Monday, May 11, 2015

Clouds of Sils Maria

A French update on the metaphysics of 
acting, aging, female friendship, and time

     I’ve wanted to see Clouds of Sils Maria, directed by Olivier Assayas, because it stars Juliette Binoche, Kristen Stewart, and Chloë Grace Moretz, three of the more intriguing actresses working in film today. It also sounds like a re-take on other films about actresses (All About Eve) and power-play
games in intimate female relationships (The Bitter Tears of Petra von Kant or Mulholland Drive).  It’s less over-the-top than Eve, lighter than Petra von Kant and clearer than Mulholland.  It’s easier to watch than write about because, as Neil said, “they made something complicated about something that was pretty simple.”

     To keep it simple, a French actress in her forties is offered the part of the older woman in a play that made her famous at eighteen as the younger woman.  A wild child American 
Chloë Grace Moretz
actress has been offered the younger part.  The French actress has a complex friendship with her American personal assistant, who encourages her to take and develop the older female part.  There are a number of interesting elements about the film that are taken on faith and not really explored and yet there’s no reason for this lack of insight:  supposedly, the actress became famous at eighteen, twenty years earlier, in this play, but it makes more sense for it to be thirty years earlier because of Binoche’s actual age; when we see the play at the end, it looks like some awful German work from the late ‘70s/early ‘80s that yaks on portentously about relationships, rather than showing them.  Neil saw Glenda Jackson in Great and Small (1983) by Botho Strauss and he’s made fun of it for years because he was pretty convinced no one in the audience knew what was going on.  He said that the set of the play within the movie looked a lot like the Jackson vehicle.  
     In the play, the two lead characters are lesbians, but the movie actress explicitly states that she and her assistant are not.  That relates to period:  nowadays, a movie can feature two women in a relationship that is not sexual; even a major writer of the ‘70s such as the fictional one in the movie or director Rainer Werner Fassbinder would have found that not compelling enough and so created the characters as lesbians.  There’s more than a hint of lesbianism in subtext of All About Eve and Mulholland Drive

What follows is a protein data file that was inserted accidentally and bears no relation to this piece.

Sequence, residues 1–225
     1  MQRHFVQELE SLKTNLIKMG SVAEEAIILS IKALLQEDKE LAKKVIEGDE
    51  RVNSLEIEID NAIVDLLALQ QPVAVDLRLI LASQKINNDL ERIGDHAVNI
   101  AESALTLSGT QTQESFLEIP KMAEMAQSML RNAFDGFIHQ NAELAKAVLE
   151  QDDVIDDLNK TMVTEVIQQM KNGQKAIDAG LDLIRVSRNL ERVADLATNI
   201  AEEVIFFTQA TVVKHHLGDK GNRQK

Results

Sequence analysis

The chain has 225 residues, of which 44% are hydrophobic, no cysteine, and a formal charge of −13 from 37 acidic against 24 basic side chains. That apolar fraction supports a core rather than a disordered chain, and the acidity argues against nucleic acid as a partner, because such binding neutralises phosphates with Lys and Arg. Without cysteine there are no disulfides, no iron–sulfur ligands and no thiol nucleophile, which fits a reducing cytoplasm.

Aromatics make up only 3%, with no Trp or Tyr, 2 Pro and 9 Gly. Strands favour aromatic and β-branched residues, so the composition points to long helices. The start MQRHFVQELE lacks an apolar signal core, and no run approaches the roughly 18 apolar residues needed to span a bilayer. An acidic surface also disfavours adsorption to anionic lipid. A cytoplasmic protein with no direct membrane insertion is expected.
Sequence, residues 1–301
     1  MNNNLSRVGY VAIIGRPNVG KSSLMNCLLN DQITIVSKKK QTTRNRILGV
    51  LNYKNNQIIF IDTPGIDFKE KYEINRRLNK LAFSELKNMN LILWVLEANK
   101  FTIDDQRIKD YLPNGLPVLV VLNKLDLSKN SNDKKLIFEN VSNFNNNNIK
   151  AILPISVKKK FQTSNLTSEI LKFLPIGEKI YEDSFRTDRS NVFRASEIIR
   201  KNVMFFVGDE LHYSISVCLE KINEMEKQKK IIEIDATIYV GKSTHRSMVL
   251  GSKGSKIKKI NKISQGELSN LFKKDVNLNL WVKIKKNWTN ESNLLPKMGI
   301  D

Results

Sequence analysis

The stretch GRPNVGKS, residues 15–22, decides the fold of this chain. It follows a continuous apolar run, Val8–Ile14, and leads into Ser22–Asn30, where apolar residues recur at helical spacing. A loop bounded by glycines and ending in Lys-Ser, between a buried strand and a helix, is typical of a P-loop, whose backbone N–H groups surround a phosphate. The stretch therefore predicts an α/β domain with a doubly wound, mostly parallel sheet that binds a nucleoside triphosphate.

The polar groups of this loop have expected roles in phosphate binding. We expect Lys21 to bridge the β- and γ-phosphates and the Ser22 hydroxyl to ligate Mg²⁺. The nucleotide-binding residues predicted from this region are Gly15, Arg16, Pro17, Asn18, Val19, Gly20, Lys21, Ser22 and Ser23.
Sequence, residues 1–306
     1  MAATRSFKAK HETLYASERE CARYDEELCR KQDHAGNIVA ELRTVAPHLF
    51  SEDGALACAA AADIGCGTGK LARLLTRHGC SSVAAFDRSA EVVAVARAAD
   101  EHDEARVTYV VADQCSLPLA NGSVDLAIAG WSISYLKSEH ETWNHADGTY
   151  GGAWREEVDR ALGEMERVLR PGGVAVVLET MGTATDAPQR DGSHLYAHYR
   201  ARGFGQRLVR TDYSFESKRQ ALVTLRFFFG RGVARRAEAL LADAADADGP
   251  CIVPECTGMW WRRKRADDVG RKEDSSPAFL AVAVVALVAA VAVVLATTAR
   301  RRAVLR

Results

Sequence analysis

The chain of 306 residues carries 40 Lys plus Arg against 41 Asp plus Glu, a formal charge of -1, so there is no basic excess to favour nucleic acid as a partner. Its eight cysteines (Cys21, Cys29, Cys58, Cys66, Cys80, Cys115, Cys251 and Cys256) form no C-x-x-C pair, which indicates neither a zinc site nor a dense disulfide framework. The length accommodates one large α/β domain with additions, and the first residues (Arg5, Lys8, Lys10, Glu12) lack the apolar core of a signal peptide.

What has been talked about is the art reflecting life and vice versa nature of the movie. The American assistant and the French actress speak about the play they’re working on both as professionals, but also as highly intelligent readers.  Neil thought the assistant said she was an actress at the beginning of the movie.  I was hoping she wasn’t since she seemed like the character with the most common sense.  In some ways, she came across as a director.  There are a couple of instances when the women are rehearsing where they seem to go in and out of the play and back to the movie characters.  The younger American performer doesn’t strip for a outdoor bathing scene whereas the older French performer does so with abandon.  The most upsetting element is when a major character disappears about three quarters of the way into the movie and is never mentioned again.  However, it makes sense for the final stage performance to be able to be realized at the end.

Stewart and Binoche
     None of this would be possible without the unfussy yet vulnerable nature of Binoche’s acting style and the liquid, completely natural performance by Stewart.  Both were nominated for César Awards – Stewart was the first American actress to win one.  Moretz channels a number of young Hollywood starlets with promising talent that go wrong and are over-publicized in the media.  Many of the scenes between Binoche and Stewart feel as if they’ve been thought through, but not rehearsed so that they occur casually, while the emotional resonances ricochet later.  Everything is laid out in the first three minutes about what’s going on with the actress, but it’s only after the movie is over that a viewer may be able to piece together what may be going on with the assistant.  There are many suggestions both in the script and in Stewart’s performance, but nothing is underlined.  That’s a simultaneously frustrating yet masterful stroke.

    Like the geological phenomenon to which the title refers, the physical landscape both reflects and overpowers the intellectual and artistic posturing of the characters.  It’s also a slow-moving event that can then vanish in moments.  The movie feels like that as well.  It feels long, though it is always interesting.  The only downside was the dreary classical music that figures in a number of scenes.

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